The employee filed a claim petition on October 14, 1997, which was later amended, claiming temporary partial disability benefits from January 26, 1997 through February 2, 1998 and temporary total disability benefits from February 3, 1998 to the date of the hearing, alleging that both benefits were the result of the employee=s August 10, 1994 work injury. This matter came on for hearing on April 17, 1998, and the compensation judge found: (1) that the employee was entitled to temporary partial disability benefits as claimed; (2) that the lump sum transitional payment received by the employee was not includable in the employee=s wages and was not to be considered as an offset against temporary partial disability benefits; and (3) denied the employee=s claim of temporary total disability benefits from February 3, 1998 to the date of the hearing, April 17, 1998. The employer appeals the award of temporary partial disability benefits and the denial of the lump sum transitional payment as an offset against temporary partial disability benefits. The employee appeals the denial of the temporary total disability benefits from and after February 3, 1998. We reverse in part and affirm in part.
STANDARD OF REVIEW
In reviewing cases on appeal, the Workers= Compensation Court of Appeals must determine whether Athe findings of fact and order [are] clearly erroneous and unsupported by substantial evidence in view of the entire record as submitted.@ Minn. Stat. ' 176.421, subd. 1 (1998). Substantial evidence supports the findings if, in the context of the entire record, Athey are supported by evidence that a reasonable mind might accept as adequate.@ Hengemuhle v. Long Prairie Jaycees, 358 N.W.2d 54, 59, 37 W.C.D. 235, 239 (Minn. 1984). Where evidence conflicts or more than one inference may reasonably be drawn from the evidence, the findings are to be affirmed. Id. at 60, 37 W.C.D. at 240. Similarly, A[f]actfindings are clearly erroneous only if the reviewing court on the entire evidence is left with a definite and firm conviction that a mistake has been committed.@ Northern States Power Co. v. Lyon Food Prods., Inc., 304 Minn. 196, 201, 229 N.W.2d 521, 524 (1975). Findings of fact should not be disturbed, even though the reviewing court might disagree with them, Aunless they are clearly erroneous in the sense that they are manifestly contrary to the weight of the evidence or not reasonably supported by the evidence as a whole.@ Id.
Temporary Partial Disability
The employee claims temporary partial disability benefits based on a loss of earning capacity which she sustained while working for Fairview between January 26, 1997 and February 2, 1998. After being off work and receiving temporary total benefits for approximately two years as a result of her work-related injury of August 10, 1994, the employee returned to work for the employer in late December 1996 for one week. After the merger between the employer and Fairview Systems, the employee began to work in January 1997 as a custodian for Fairview in a different hospital at a wage rate lower than she received at the time she was injured while working for the employer. The employer claims that the employee=s earning capacity when she returned to work some two years after her work injury should be based on the employee=s wage she earned when she returned to work for the employer for one week in December 1996. There is no dispute that the employee worked for Fairview Systems at a lower wage than she had earned while working for the employer at the time of her work injury, and this situation continued until February 2, 1998. Using her wages and earning capacity while working for the employer for one week in 1996, the employer maintains the employee would not be entitled to temporary partial disability benefits because her wage would not be less than her wage at the time of her work injury. The compensation judge found that the employee=s earning capacity was to be based on the employee=s wage or earnings while she was working for Fairview and awarded temporary partial disability benefits from January 26, 1997 through February 2, 1998.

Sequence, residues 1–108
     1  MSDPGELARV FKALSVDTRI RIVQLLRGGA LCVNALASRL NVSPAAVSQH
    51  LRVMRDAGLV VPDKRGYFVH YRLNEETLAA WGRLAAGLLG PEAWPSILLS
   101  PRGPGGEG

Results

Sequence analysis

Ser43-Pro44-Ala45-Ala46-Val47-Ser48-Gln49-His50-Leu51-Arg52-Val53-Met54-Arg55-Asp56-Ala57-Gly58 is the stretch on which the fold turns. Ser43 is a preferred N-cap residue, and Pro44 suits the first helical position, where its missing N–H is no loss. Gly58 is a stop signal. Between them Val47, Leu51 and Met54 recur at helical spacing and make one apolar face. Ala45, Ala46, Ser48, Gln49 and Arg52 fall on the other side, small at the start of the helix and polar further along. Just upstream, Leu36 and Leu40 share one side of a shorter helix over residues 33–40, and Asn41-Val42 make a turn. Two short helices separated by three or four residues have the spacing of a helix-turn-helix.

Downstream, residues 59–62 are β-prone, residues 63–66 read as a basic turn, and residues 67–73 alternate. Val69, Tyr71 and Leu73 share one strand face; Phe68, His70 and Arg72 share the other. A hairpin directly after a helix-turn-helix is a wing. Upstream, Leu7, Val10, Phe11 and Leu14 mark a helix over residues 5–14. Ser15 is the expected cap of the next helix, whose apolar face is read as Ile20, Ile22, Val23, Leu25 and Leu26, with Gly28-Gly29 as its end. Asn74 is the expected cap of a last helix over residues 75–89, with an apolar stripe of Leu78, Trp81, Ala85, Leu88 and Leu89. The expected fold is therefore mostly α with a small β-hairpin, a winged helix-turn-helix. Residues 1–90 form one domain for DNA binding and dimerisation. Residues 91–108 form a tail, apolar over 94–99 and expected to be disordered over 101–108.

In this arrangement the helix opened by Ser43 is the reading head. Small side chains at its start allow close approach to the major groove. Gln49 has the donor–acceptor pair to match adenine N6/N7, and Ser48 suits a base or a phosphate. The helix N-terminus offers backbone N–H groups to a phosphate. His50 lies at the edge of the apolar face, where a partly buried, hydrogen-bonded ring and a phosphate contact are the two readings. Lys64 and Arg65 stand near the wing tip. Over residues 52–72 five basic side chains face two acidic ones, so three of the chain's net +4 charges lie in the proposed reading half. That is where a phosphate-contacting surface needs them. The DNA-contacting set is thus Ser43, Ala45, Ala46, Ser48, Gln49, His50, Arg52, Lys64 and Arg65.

A diminished earning capacity justifying temporary partial disability may be established by demonstrating actual decreased earnings, thus creating a presumption of the diminished earning capacity. See French v. Minnesota Cash Register, 341 N.W.2d 290, 36 W.C.D. 385 (Minn. 1983). The presumption of earning capacity may be rebutted by evidence of the employee=s ability to earn an amount different from the wage earned post injury. Noll v. Ceco Corp., 42 W.C.D. 553, 557 (W.C.C.A. 1989). In order for an employee to be entitled to temporary partial disability benefits, there must be a physical disability, the employee must be able to work subject to the disability, and there must be an actual loss of earning capacity causally related to the disability. Dorn v. A.J. Chromy Constr. Co., 310 Minn. 46-47, 245 N.W.2d 451, 454, 29 W.C.D. 86, 91(1976). In all cases of temporary partial disability the compensation shall be two-thirds of the difference between the weekly wage of the employee at the time of the injury and the wage the employee is able to earn in the employee=s partially disabled condition. Minn. Stat. ' 176.101, subd. 2.